Toothache Symptoms and Treatment
February 11, 2013 | News | The Office of The Palisades Dentists
Toothaches can cause pain that is nearly unbearable. There are many causes for toothache, among them cavities, infection, and trauma to the tooth. Whatever the cause, toothaches occur when the pulp, or central part of the tooth where the nerves are, becomes inflamed. Toothaches are generally simple to diagnose and treat, and there are many things patients can do to prevent them.
Toothache pain can be severe, and it can radiate to the jaw, ear, or cheek. Toothache pain can occur with chewing, or from exposure to hot or cold foods, or sometimes with no apparent provocation. Sometimes toothaches are accompanied by bleeding gums. As soon as you know you have a toothache (and you will know), schedule an appointment with your dentist right away. Meanwhile, over the counter pain medications like ibuprofen or acetaminophen can help relieve the pain, as can over the counter treatments such as numbing agents or treatments that contain clove oil.
Sometimes it can be hard for the patient to determine which tooth hurts, but the dentist will perform an examination and x-ray to determine where the problem is. Sometimes sinus pain or other pains in the head or neck can feel like tooth pain, so if the dentist cannot isolate a problem with the teeth or jaw, then you may need to be seen by a doctor.
The first order of importance for the patient is to relieve the pain, and antibiotics can work quickly to eliminate any infection that is causing a toothache. Once the dentist has a clear idea of the cause of the pain, he or she can take further steps to treat the toothache. The dentist may remove decay and fill a cavity or, in cases of severe decay, extract a problem tooth. In some cases, the patient may require a root canal procedure followed by a crown.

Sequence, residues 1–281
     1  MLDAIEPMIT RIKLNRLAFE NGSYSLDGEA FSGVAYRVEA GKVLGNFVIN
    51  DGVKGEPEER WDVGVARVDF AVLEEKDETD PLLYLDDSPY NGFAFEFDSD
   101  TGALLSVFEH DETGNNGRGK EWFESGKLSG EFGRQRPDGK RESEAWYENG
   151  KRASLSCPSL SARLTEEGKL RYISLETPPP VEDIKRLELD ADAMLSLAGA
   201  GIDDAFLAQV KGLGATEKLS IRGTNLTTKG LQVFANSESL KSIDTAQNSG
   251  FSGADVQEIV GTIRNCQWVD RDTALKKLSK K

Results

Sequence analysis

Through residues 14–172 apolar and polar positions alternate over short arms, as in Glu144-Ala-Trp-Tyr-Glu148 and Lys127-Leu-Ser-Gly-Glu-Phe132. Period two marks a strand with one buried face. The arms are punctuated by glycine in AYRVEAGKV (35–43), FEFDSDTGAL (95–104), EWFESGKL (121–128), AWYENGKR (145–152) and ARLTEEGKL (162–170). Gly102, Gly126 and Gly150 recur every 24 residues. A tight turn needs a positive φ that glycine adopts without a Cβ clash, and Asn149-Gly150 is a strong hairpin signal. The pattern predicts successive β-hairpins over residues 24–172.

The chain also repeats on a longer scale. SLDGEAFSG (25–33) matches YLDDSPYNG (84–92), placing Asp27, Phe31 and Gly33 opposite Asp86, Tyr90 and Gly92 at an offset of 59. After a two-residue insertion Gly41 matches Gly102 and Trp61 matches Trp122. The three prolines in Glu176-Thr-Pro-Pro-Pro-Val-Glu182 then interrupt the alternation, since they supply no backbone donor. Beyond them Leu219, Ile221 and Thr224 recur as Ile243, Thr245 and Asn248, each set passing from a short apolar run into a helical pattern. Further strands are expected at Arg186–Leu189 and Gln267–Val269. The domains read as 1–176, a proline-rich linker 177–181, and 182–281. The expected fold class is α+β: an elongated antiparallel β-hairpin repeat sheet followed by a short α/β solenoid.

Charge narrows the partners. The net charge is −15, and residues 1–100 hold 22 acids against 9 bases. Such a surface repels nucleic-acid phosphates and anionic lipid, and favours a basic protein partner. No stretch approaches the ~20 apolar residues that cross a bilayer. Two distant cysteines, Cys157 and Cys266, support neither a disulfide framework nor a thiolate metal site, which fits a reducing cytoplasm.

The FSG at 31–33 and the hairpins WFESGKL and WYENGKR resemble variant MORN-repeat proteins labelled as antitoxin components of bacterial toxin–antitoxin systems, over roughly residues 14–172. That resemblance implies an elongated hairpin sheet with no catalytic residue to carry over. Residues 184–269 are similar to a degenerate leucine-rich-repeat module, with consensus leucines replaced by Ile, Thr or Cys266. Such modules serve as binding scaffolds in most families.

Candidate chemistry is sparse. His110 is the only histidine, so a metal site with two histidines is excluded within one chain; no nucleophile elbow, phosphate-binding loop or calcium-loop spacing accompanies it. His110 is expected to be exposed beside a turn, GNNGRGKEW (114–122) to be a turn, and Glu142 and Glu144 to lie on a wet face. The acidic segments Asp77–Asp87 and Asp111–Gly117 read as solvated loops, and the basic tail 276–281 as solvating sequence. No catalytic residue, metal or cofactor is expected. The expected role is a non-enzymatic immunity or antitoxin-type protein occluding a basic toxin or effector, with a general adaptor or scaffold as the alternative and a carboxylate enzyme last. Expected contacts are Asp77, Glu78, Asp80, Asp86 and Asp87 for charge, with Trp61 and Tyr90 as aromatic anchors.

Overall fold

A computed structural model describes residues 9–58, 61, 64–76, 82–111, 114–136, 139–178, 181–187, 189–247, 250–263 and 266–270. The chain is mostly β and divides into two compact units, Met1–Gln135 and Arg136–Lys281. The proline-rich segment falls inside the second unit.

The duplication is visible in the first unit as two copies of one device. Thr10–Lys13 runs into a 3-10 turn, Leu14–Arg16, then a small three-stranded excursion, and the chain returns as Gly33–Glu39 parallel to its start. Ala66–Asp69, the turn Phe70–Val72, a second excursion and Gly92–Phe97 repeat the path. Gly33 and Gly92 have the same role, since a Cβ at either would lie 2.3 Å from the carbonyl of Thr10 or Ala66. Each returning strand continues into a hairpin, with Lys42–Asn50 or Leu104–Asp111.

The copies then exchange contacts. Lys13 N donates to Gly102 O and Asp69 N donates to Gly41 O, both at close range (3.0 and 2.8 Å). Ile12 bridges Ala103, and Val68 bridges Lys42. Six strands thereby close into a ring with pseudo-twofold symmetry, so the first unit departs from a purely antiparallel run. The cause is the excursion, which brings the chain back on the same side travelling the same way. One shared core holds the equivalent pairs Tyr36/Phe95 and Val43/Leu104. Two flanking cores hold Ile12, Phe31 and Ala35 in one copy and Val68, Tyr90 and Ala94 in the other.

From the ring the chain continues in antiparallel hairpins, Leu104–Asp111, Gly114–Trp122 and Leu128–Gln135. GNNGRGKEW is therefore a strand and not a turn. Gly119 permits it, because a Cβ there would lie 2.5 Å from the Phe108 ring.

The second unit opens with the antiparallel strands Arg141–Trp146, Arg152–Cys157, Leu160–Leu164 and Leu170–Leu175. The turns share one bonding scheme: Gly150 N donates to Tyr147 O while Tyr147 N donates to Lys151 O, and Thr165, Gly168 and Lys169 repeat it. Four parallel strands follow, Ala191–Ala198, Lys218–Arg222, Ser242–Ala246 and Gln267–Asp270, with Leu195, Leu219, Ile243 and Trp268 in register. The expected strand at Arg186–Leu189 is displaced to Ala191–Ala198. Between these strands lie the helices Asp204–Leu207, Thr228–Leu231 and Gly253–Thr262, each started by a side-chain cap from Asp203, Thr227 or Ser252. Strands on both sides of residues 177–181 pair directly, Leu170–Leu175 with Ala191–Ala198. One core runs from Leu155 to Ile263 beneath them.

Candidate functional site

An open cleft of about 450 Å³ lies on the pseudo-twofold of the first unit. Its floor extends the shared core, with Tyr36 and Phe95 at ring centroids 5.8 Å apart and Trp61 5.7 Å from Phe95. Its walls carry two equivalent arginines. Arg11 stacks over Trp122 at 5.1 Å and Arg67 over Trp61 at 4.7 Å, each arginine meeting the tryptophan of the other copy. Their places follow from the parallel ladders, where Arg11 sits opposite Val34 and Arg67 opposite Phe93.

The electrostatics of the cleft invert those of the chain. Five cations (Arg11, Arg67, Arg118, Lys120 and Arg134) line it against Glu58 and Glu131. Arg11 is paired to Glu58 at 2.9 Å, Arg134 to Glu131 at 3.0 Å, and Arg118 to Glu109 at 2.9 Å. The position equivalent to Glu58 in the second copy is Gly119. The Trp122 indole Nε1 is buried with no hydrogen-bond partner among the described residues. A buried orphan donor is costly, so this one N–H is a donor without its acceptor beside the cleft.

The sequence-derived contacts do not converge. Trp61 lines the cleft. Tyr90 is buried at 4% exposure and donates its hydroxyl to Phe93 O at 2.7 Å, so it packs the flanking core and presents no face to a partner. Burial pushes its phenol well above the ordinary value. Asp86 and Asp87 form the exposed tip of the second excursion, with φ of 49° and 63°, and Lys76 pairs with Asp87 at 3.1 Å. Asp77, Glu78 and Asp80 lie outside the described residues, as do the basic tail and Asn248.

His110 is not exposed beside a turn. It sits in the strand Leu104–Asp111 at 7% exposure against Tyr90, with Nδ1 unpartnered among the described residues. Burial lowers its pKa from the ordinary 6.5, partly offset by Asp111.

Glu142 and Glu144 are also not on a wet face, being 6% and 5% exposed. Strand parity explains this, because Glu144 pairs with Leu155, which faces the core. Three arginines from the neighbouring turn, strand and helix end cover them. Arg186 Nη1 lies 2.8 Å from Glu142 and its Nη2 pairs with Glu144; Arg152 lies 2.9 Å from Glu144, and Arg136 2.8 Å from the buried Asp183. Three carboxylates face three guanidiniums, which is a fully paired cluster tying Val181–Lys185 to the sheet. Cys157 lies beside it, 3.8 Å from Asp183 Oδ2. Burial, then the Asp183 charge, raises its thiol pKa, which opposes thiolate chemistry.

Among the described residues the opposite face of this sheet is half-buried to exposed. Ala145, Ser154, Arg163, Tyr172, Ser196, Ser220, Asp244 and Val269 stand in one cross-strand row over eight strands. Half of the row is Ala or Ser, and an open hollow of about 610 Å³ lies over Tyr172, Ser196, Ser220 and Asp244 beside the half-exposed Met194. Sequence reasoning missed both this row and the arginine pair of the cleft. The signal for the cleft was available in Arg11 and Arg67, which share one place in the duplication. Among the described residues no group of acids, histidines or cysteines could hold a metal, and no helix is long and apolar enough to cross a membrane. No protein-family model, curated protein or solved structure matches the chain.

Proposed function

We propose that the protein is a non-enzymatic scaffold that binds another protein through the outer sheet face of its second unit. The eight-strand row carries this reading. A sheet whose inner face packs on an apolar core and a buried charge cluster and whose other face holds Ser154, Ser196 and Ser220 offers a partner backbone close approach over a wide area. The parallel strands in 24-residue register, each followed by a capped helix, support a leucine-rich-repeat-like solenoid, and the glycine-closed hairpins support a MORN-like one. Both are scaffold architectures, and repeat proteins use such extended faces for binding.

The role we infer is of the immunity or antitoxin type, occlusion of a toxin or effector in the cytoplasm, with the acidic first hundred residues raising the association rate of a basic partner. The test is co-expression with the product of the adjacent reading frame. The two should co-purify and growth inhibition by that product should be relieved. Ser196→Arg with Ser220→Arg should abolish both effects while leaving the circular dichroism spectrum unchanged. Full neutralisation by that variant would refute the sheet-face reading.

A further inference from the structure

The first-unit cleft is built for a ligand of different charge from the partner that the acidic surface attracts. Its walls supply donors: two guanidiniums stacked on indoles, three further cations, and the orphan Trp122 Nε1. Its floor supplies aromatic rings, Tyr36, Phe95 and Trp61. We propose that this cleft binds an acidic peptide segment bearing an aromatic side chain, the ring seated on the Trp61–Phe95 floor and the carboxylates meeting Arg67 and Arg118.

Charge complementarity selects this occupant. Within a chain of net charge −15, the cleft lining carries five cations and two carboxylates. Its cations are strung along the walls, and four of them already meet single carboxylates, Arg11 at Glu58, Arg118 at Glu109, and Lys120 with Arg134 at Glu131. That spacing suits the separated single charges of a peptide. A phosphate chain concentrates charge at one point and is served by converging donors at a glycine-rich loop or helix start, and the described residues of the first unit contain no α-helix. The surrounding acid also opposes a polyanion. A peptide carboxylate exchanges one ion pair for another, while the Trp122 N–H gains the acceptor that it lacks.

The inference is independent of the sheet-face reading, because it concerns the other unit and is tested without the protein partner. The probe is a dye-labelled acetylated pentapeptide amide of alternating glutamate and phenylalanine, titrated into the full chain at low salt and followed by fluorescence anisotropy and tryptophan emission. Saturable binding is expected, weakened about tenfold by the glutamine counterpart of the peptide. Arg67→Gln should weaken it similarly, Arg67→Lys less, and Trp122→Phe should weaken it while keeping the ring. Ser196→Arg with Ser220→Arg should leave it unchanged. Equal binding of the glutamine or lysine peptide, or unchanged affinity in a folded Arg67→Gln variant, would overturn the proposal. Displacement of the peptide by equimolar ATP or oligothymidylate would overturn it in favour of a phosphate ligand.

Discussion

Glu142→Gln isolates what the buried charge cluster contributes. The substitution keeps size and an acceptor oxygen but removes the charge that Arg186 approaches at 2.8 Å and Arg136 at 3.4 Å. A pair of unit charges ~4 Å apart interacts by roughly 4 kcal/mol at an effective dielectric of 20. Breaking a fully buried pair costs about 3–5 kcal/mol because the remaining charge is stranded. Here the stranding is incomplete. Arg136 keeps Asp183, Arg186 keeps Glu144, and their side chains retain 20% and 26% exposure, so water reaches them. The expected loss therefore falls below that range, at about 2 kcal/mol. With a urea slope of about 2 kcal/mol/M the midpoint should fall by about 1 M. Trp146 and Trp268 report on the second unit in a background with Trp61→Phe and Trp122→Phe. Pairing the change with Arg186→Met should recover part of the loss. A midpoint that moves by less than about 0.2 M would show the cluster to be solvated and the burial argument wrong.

In order to fully benefit from the treatment, you should be sure to follow the dentist’s instructions to the letter by taking all of the antibiotic prescribed and following up as directed.
The old adage “an ounce of prevention is worth a pound of cure” is certainly applicable to toothache pain. Eating a balanced diet, brushing and flossing as directed by the dentist, and using a fluoride toothpaste on a soft brush can all help to prevent tooth decay that can lead to toothaches. Regular dental visits are essential to good oral hygiene.
Injuries can also lead to toothache, so be sure to wear appropriate mouth guards during contact sports and to avoid using teeth to open caps or chew on hard surfaces (pens and pencils, for instance). Toothache pain can be excruciating, so it is best to prevent it if at all possible.